Martin Pearlman's Boston Baroque, "America's First Period-Instrument Orchestra," kicked off its new season at Jordan Hall with what is probably the first Boston performance of a work from the height of Handel's career, Partenope — a comic opera in Italian that was originally staged in London with modest if not brilliant success. Boston Baroque's version was both modest and brilliant — and thoroughly successful.
STRATOSPHERIC In the title role of Boston Baroque’s Partenope, Amanda Forsythe was the star she needed to be.
Modest, in the sense that it was staged with a minimum of scenery (a few chairs and benches) and the "costumes" were characterful street clothes and evening wear. Still, the singing was all from memory, and David Gately's witty and musical staging could have been equally convincing in a more elaborate production. Pearlman's orchestra was spot on, with especially outstanding work from flutist Christopher Krueger, timpanist John Grimes, and Victor Coelho on theorbo, and responsive strings that sometimes seemed to be leering naughtily at the characters' sexual predicaments.
And what singing! Unlike the earlier GiulioCesare or the later Orlando or Ariodante, the vocal writing in Partenope has more arias with coloratura fireworks than passages of lyrical expansion. Handel seems to have written the role of Partenope for an Italian soprano, Anna Strada, with an extraordinarily high voice and phenomenally flexible coloratura technique. But all six solo roles make extravagant vocal demands. And this was a remarkable cast, especially the scintillating Amanda Forsythe in the title role.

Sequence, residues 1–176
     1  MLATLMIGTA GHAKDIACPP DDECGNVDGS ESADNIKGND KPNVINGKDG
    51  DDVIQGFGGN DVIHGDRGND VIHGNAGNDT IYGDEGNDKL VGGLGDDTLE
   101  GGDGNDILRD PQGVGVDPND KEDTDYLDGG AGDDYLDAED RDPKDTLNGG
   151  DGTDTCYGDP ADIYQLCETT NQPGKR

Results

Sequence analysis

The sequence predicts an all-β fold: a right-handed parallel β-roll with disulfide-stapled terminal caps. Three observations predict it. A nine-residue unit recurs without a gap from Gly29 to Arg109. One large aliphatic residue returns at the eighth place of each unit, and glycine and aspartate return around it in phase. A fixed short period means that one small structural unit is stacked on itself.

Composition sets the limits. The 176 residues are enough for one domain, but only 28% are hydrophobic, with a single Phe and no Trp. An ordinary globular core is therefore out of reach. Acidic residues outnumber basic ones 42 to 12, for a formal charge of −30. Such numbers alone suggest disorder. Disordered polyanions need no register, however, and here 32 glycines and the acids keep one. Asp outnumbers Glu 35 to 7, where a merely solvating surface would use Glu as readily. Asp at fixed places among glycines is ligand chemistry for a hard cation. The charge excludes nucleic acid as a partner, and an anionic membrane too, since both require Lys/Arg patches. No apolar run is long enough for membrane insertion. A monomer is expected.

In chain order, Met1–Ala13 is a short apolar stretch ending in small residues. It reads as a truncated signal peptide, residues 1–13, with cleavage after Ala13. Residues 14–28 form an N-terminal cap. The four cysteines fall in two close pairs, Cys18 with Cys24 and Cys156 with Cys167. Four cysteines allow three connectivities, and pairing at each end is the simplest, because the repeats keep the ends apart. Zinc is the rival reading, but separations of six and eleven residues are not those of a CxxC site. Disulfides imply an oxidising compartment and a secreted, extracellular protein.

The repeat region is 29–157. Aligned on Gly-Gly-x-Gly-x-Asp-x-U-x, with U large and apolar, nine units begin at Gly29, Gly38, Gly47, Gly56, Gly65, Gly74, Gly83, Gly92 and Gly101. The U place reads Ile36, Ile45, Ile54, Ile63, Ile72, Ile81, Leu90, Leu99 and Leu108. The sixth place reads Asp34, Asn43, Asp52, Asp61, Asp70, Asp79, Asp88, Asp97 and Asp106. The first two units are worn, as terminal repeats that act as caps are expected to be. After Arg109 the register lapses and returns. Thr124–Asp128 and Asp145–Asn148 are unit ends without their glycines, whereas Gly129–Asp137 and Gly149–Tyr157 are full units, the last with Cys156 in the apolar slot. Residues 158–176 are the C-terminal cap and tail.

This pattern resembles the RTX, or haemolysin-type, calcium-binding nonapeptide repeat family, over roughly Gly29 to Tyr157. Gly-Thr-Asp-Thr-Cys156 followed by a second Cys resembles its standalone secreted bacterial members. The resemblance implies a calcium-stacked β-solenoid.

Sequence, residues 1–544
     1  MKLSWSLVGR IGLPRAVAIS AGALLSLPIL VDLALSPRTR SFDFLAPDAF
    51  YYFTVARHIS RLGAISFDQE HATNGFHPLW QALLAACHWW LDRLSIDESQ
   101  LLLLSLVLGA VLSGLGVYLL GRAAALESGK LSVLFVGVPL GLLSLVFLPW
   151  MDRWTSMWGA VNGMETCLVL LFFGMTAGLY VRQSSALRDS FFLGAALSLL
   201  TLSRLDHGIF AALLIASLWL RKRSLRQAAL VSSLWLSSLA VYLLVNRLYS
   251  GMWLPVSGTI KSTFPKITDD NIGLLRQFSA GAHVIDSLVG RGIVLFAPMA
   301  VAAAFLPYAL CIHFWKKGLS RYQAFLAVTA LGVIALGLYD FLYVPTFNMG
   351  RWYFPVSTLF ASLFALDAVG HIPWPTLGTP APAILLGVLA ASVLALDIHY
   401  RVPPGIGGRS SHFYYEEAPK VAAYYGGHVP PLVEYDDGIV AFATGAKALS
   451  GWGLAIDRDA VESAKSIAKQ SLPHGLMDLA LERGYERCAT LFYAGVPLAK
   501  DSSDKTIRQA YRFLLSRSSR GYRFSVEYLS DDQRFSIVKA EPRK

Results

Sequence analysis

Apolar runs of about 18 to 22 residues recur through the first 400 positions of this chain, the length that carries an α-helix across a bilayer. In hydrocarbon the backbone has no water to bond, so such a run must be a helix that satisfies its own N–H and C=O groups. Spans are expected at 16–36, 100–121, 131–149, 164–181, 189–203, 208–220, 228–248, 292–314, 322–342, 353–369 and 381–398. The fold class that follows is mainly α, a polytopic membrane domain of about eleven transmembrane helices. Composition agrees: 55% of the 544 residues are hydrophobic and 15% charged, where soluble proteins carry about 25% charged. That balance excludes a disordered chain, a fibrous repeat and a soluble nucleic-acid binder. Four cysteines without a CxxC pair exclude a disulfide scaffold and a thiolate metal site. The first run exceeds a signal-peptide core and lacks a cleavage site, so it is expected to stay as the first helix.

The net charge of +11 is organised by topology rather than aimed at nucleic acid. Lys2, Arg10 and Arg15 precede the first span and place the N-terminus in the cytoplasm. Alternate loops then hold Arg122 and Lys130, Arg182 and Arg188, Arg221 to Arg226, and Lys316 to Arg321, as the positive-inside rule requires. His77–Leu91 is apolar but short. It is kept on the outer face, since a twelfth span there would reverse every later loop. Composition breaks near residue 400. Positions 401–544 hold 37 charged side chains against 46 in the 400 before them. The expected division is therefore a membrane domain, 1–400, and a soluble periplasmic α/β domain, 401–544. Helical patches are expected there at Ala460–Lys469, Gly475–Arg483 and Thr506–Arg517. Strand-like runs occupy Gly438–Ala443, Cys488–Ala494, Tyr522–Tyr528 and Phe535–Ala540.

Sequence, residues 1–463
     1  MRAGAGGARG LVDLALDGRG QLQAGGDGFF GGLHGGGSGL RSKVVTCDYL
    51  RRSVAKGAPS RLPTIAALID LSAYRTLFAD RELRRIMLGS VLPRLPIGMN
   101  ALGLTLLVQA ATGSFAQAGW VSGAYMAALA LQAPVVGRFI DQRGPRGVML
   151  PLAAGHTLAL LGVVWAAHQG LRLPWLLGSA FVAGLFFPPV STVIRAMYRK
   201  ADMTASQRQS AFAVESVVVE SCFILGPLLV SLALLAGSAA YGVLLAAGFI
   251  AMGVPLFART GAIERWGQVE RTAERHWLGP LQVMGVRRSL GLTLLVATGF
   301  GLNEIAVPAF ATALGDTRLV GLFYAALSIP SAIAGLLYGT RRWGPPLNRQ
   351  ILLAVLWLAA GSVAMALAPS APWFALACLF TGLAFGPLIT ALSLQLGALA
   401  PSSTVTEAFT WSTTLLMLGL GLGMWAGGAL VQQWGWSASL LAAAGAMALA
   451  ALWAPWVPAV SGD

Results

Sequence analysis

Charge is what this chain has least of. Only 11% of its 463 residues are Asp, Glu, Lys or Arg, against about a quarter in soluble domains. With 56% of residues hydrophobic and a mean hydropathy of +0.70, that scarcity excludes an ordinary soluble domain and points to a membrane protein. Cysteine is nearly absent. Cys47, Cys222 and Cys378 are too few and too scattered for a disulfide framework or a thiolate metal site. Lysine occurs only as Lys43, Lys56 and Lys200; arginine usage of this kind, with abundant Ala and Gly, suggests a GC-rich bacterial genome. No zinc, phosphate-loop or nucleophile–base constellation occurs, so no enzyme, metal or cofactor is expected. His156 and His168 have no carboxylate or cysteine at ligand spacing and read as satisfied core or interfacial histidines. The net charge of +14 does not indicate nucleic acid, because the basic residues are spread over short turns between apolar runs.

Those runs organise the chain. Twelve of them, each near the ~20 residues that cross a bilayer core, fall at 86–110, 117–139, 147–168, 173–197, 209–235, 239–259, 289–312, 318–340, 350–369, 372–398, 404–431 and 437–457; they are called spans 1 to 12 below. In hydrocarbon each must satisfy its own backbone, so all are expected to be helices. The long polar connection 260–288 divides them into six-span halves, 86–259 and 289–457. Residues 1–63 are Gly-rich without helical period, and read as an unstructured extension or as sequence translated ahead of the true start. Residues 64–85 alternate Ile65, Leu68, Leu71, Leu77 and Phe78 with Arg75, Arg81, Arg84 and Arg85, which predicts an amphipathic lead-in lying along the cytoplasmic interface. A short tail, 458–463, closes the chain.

Partenope is the Queen of Naples. She has fallen hard for Arsace, the Prince of Corinth (British countertenor Owen Willetts), for whom he's abandoned his fiancée Rosmira (West-Coast mezzo-soprano Kirsten Sollek), clearly a physical attraction. The queen has two other suitors as well, the shy Armindo, Prince of Rhodes (Canadian countertenor David Trudgen), and Cumaean prince Emilio (Boston tenor Aaron Sheehan), a potential enemy who offers her a peace treaty if she'll marry him. Ormonte (baritone Andrew Garland) provides Partenope with sturdy political advice.
Willetts, who made his American debut last season in the title role in Boston Baroque's Glück Orfeo, here in a part originally conceived for a castrato, sounded more "counter-alto" than countertenor, his lower register projecting unusual warmth but capable of great flexibility, too. He also conveyed Arsace's conflicted emotions, sincerely regretting his sins against Rosmira (he winds up with a scarlet A pinned to his shirt), but still obviously turned on by the more glamorous and powerful Partenope. Trudgen has a higher, lighter, more conventional but pleasing countertenor voice, and he was adorable as "Bashful" (deliciously embarrassed when Partenope pulls an extended string of pearls—surprisingly phallic — out of his pocket). Sollek has a firm, slightly steely mezzo-soprano tone, and in her tight pants and cap, she was convincing as both the betrayed Rosmira and the male warrior she's pretending to be in her search for revenge. Sheehan delivered some of the opera's most fiendishly difficult music, though the elaborate coloratura sometimes sounded a little dry. Garland (who'll be back for Boston Baroque's Messiah in December) anchored the bottom range with a pleasingly firm tone.